Robert Kagan deplores the current state of the GOP: “The Republican Party today is a zombie party. Its leaders go through the motions of governing in pursuit of traditional Republican goals, wrestling over infrastructure spending and foreign policy, even as real power in the party has leached away to Trump. From the uneasy and sometimes contentious partnership during Trump’s four years in office, the party’s main if not sole purpose today is as the willing enabler of Trump’s efforts to game the electoral system to ensure his return to power.” [Emphasis added] Kagan speculates that many erstwhile Republican leaders are afraid of being primaried.  Sadly their motivation is more basic: they fear for their lives.  Many otherwise decent Republicans are afraid to oppose Trump because of the damage his deranged followers might do.

Trump is a thug.  He’s the reincarnation of Hitler.  The conduct of his followers needs to be opposed and penalized.

(By the way: we need to severely penalize those who planned and participated in the January 6th insurrection.)

4. Protect Voting Rights: Robert Kagan understands the nature of the dilemma facing the republic: “Senate Democrats were wise to cut down their once-massive voting rights wish list and get behind the smaller compromise measure unveiled last week by Manchin and Sen. Amy Klobuchar… Heading into the next election, it is vital to protect election workers, same-day registration and early voting. It will also still be necessary to pass the John Lewis Voting Rights Advancement Act, which directly addresses the state legislatures’ electoral power grab.”

Passing these changes in the Senate means either abolishing the filibuster — a move that seems unlikely — or gaining the support of ten Republican Senators.  Kagan asks, “If that means political suicide for this handful of Republicans, wouldn’t it be better to go out fighting for democracy than to slink off quietly into the night?”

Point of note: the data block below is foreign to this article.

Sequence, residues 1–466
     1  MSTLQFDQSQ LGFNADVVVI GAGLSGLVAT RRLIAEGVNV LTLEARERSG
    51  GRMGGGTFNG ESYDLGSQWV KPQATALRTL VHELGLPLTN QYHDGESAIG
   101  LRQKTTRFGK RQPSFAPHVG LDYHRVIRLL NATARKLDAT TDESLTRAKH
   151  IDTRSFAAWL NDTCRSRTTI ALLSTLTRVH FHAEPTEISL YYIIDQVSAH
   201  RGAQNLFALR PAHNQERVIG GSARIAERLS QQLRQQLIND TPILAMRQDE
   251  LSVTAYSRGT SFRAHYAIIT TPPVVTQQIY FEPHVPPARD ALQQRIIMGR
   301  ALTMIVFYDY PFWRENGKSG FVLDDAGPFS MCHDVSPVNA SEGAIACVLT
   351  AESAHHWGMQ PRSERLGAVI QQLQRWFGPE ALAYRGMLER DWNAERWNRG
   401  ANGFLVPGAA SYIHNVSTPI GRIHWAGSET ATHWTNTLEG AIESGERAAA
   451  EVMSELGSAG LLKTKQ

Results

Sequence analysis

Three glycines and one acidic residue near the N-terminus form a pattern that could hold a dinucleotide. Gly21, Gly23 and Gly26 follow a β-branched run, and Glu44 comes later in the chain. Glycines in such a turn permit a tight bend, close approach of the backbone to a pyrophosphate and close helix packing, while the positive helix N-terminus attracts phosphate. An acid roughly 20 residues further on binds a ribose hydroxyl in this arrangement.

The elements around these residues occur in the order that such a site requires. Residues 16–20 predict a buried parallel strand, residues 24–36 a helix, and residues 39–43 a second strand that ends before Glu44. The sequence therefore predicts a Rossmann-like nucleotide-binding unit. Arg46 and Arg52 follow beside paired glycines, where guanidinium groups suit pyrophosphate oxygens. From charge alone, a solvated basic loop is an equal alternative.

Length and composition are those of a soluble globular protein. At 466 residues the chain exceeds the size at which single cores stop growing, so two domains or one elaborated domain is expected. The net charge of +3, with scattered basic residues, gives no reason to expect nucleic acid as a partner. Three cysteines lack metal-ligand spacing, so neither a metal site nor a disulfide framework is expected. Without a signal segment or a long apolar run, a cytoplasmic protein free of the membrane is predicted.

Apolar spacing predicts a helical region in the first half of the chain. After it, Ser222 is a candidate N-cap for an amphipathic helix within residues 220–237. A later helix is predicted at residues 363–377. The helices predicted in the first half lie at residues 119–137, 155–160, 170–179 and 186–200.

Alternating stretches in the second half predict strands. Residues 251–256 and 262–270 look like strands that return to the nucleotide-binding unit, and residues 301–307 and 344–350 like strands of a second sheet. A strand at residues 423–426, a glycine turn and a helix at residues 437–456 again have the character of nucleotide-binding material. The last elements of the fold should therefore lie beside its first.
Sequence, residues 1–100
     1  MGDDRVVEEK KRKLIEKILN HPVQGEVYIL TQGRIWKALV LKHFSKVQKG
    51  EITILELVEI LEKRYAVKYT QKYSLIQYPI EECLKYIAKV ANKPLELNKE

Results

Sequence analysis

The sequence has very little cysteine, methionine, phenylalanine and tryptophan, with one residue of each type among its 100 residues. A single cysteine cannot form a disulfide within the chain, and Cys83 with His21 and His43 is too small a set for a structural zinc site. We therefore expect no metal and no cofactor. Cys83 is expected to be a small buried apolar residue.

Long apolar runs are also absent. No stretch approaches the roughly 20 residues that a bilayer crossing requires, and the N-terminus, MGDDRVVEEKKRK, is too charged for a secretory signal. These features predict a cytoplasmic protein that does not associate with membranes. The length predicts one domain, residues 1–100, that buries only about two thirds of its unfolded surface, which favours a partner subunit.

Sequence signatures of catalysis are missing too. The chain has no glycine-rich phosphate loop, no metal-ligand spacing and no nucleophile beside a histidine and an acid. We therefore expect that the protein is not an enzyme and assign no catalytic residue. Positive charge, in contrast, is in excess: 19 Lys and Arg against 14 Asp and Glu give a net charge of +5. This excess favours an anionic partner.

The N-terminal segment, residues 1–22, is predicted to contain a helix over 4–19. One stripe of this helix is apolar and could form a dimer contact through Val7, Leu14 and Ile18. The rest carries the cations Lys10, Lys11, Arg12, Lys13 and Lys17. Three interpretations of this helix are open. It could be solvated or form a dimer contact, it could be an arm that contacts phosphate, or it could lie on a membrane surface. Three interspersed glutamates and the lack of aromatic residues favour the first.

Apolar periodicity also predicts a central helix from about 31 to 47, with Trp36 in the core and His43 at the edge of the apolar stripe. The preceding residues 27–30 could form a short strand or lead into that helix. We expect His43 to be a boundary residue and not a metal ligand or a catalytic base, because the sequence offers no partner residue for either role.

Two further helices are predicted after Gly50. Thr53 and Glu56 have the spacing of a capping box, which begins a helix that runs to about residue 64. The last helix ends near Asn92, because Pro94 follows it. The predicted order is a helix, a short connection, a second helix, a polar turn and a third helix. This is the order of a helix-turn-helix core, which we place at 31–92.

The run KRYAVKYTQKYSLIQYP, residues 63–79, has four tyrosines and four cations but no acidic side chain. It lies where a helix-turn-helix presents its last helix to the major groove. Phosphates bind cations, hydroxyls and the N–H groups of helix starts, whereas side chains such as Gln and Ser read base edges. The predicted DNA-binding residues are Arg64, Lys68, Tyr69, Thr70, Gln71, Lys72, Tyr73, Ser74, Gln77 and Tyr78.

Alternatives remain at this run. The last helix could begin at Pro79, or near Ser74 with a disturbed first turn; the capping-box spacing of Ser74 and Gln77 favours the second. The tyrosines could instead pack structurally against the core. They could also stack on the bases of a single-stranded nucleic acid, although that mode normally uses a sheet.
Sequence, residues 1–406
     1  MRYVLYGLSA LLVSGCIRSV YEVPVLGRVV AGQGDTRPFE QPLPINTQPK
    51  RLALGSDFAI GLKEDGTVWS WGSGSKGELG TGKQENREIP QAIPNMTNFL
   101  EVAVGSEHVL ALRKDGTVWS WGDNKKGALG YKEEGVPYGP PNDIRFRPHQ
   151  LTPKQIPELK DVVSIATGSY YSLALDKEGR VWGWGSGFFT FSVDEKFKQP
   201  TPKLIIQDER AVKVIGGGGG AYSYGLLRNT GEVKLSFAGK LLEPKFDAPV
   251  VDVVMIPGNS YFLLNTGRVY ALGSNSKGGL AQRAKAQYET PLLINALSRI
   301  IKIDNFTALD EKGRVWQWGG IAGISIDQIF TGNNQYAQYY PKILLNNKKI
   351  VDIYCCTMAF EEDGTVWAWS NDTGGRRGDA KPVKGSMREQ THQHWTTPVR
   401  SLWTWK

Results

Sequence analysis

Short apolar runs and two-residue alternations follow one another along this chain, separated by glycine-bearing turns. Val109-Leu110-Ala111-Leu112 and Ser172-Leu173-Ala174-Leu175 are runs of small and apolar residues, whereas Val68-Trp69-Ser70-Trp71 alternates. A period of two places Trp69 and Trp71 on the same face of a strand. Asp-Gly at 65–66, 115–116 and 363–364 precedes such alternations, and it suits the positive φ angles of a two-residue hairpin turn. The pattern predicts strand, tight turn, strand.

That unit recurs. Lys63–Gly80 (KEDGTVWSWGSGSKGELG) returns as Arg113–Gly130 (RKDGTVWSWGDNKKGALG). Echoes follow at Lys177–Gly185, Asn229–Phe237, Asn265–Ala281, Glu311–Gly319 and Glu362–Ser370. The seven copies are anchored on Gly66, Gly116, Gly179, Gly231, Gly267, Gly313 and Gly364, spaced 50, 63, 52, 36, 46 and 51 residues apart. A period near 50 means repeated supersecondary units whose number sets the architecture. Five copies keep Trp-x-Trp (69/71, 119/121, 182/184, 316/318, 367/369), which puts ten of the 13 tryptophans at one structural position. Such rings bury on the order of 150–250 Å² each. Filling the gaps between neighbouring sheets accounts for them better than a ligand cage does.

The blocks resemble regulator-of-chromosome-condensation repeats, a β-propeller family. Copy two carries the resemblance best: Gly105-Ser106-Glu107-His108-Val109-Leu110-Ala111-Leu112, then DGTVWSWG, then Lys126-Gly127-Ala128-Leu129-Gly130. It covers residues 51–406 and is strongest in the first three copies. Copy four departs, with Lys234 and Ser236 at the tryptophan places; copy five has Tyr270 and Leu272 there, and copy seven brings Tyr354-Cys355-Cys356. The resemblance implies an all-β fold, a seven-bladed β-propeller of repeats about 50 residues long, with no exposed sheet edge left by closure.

Summary: This is not a drill.  We’re in the middle of an existential crisis.  Get to work!

What Did We Learn From the California Recall?

(Red = “no on recall” county.)

The September 14, 2021, California recall is over and Governor Gavin Newsom won a resounding victory.  What does this portend for California politics? There are four takeaways:

1. Democrats demonstrated they can mobilize their base in an off-election year.  The Republican recall “logic” had two aspects: first, Republicans wanted to get rid of Governor Newsom because of his strong response to the Coronavirus pandemic (the lockdown and mask mandates) and, second, they believed the recall would succeed because  Democrats would not be bothered to vote in an “off” election year.  However, Democrats did mobilize and blocked the recall with 63 percent of the vote.

There had been concern that California’s Latino voters might not show up.  However, Latinos did participate in the recall election and overwhelmingly supported Newsom; that is, voted “no.” ( )

Republicans made three miscalculations.  First, because they didn’t like Newsom, they assumed that some Democrats and many Independents also did not like him.  That turned out not to be the case.  Second, they assumed that most Californians were also anti-vaccination, anti-mask, and anti-mandate.  That was also not the case; most Californians are tired of the pandemic and mad at those who will not get vaccinated, who will not take Coronavirus seriously.  Third, Republicans assumed they could mobilize behind a Trump clone, Larry Elder, and voters would prefer him to Newsom.  That was not the case; a strong majority of voters were horrified by Elder. Check out the CNN exit polls: ( )

(There were moderate Republicans who might have gotten traction with independents and some Democrats; for example, former San Diego Mayor Kevin Faulconer.  However, Faulconer is now too moderate for mainstream Republicans.)